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How to Get Organized and Stay Organized in 2013- Part 1

Categories: Home Owner Tips, In The News | Posted: January 21, 2013

It’s that time of year again when we decide that this year we will be more organized. This year, we will not let the house get cluttered. This year, we will throw away old magazines, keep the fridge clean, buy bins to keep the kids’ toys in so no one steps on a Lego in the middle of the night.

We’ve come across some tried and true tricks on how you can stay organized this year and hopefully throughout the next few!

Paper. Even though the world is well into its digital age, we still seem to have paper cluttering our homes. Maybe it’s bills that you didn’t go “green”  on and forgot to switch to the paperless option. Maybe it’s coupons or materials that you don’t remember subscribing to? Maybe you just prefer paper to online. Whatever the case may be, paper is a culprit for unwanted clutter. So take this time to splurge on what you feel will help you be more organized!

Buy a paper sorter or tray. Label them so that you have one for bills, one for coupons and one for stuff you don’t need to look at just yet. Make sure you clean it out every Sunday and then start fresh the next week. If you need ideas on what type of sorter or tray to purchase, check out the Container Store. If you need to find a drawer where you can toss the papers, clean one out. Put a tray on the bottom of the drawer. When the tray is too full, it’s time to sort. What may also help is to keep a recycling bag or box near the front door or the door you walk in after retrieving your mail. Go ahead and trash the stuff you know you won’t glance at. That way, it doesn’t end up cluttering the kitchen table later.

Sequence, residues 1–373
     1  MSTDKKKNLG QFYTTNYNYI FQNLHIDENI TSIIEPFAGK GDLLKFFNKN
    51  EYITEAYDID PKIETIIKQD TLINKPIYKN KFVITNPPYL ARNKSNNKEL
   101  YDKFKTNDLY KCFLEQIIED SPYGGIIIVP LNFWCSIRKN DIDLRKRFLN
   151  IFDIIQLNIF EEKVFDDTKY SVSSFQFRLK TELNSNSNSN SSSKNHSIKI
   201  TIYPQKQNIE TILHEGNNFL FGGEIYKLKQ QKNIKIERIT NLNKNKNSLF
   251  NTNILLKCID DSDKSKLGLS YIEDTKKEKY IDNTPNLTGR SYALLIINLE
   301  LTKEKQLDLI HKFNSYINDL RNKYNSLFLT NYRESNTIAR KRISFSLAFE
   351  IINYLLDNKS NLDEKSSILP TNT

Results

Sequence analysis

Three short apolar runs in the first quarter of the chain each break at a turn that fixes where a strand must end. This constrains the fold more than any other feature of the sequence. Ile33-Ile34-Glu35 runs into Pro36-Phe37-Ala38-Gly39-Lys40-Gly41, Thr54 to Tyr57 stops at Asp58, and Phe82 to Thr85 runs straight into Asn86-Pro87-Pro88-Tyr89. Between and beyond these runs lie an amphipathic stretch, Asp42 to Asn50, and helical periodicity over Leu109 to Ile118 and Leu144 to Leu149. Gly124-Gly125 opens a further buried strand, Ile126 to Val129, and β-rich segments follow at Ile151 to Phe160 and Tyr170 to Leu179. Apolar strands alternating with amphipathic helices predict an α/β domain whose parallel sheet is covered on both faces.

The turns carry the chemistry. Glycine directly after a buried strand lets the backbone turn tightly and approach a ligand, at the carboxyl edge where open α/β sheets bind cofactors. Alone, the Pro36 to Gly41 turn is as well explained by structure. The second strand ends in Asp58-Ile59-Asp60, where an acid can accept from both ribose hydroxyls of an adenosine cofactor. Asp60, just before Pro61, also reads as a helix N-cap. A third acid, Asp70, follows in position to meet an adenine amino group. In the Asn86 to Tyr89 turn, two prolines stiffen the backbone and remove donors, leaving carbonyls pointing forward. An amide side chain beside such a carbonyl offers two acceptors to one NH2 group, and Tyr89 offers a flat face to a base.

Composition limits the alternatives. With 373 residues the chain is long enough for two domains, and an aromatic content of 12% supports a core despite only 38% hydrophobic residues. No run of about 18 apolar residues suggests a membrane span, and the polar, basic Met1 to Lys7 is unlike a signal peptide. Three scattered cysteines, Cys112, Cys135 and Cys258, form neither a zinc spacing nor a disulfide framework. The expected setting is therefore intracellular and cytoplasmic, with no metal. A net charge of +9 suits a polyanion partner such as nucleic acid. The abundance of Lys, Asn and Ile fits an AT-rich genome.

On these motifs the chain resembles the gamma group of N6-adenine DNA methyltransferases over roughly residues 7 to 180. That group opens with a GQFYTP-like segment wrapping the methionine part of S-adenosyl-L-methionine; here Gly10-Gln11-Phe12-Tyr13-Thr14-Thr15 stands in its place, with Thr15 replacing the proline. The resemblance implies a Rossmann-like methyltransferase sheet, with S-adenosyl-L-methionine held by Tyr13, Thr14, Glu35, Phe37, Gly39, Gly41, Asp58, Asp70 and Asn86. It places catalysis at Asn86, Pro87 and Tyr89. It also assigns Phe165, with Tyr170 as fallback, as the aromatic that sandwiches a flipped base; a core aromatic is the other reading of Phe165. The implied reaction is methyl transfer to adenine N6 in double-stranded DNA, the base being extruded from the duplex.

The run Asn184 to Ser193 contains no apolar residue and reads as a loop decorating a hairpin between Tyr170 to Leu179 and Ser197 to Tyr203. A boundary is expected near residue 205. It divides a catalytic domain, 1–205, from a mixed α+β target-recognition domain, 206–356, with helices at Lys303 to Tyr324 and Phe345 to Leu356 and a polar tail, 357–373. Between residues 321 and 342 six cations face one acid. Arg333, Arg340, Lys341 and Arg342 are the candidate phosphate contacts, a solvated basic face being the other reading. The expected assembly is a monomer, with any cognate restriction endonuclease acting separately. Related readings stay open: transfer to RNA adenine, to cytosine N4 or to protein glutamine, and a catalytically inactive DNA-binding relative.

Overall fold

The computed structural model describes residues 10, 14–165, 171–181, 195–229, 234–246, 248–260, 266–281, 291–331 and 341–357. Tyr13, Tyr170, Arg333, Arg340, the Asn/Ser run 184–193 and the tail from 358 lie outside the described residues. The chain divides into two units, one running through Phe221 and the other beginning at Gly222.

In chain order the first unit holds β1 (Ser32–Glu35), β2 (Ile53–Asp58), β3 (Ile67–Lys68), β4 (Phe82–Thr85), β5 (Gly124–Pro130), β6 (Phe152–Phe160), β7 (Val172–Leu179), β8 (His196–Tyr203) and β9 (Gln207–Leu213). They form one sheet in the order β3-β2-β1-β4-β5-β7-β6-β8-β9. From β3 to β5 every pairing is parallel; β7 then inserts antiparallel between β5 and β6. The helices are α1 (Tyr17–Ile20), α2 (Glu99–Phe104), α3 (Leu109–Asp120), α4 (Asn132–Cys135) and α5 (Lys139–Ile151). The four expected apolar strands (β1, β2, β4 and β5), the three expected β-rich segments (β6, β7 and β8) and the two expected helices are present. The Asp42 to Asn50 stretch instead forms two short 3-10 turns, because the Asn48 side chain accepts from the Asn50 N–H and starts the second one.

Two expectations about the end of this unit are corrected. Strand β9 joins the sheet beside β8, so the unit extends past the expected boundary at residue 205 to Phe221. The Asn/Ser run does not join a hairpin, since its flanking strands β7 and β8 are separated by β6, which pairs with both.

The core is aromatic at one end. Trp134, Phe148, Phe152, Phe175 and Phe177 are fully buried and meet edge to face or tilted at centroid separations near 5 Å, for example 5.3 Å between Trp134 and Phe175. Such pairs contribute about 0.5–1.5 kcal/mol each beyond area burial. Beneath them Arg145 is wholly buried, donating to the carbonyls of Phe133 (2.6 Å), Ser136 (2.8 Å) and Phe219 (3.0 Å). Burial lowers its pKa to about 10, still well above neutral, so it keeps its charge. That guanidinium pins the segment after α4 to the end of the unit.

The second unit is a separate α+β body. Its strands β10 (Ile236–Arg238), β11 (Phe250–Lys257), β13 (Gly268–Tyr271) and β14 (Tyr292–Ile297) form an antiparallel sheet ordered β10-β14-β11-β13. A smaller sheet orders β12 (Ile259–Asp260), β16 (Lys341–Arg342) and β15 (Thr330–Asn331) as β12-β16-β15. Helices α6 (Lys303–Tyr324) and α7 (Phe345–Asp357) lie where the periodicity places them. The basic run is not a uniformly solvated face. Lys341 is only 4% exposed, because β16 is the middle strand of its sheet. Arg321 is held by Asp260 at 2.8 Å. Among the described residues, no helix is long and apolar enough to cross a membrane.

Bamboo Paper Sorter

Creating Shelf Space. If you are constantly shoving more items into your linen or bathroom closet, then you may be constantly frustrated and constantly promising you’re going to clean out the closet. That seems like a daunting task. Instead, look for certain items and learn how to stow them elsewhere. For instance, if you are keeping your cleaning supplies in the bathroom closet, .why not put it in a plastic container and keep it on the floor near your broom and mop? This might be in the pantry or laundry room. That way, if a bottle is about to run out, you won’t be tempted to shove it further back on the shelf. Instead, you’ll have to throw it away in order to make room in the box.

 

Easy-to-Carry Container

Another way to create more shelf space is to take out the sets of sheets. First, take the old ones you don’t use anymore and donate them. Second, recognize which sets you use for each bedroom. Take those sets and put them in between the mattress and box spring in the appropriate bedroom. Easy to find and they won’t get wrinkly. Same idea with those bulky blankets that are taking up way too much room. Find a box to put underneath the bed or in a chest at the end of the bed. Toss the blankets in and you’ll be amazed at how much cleaner your closet will already look!

Stay tuned for more ideas on how to stay organized this year by following our blog!

Tax Information for New Home Owners

Categories: Home Owner Tips | Posted: January 17, 2013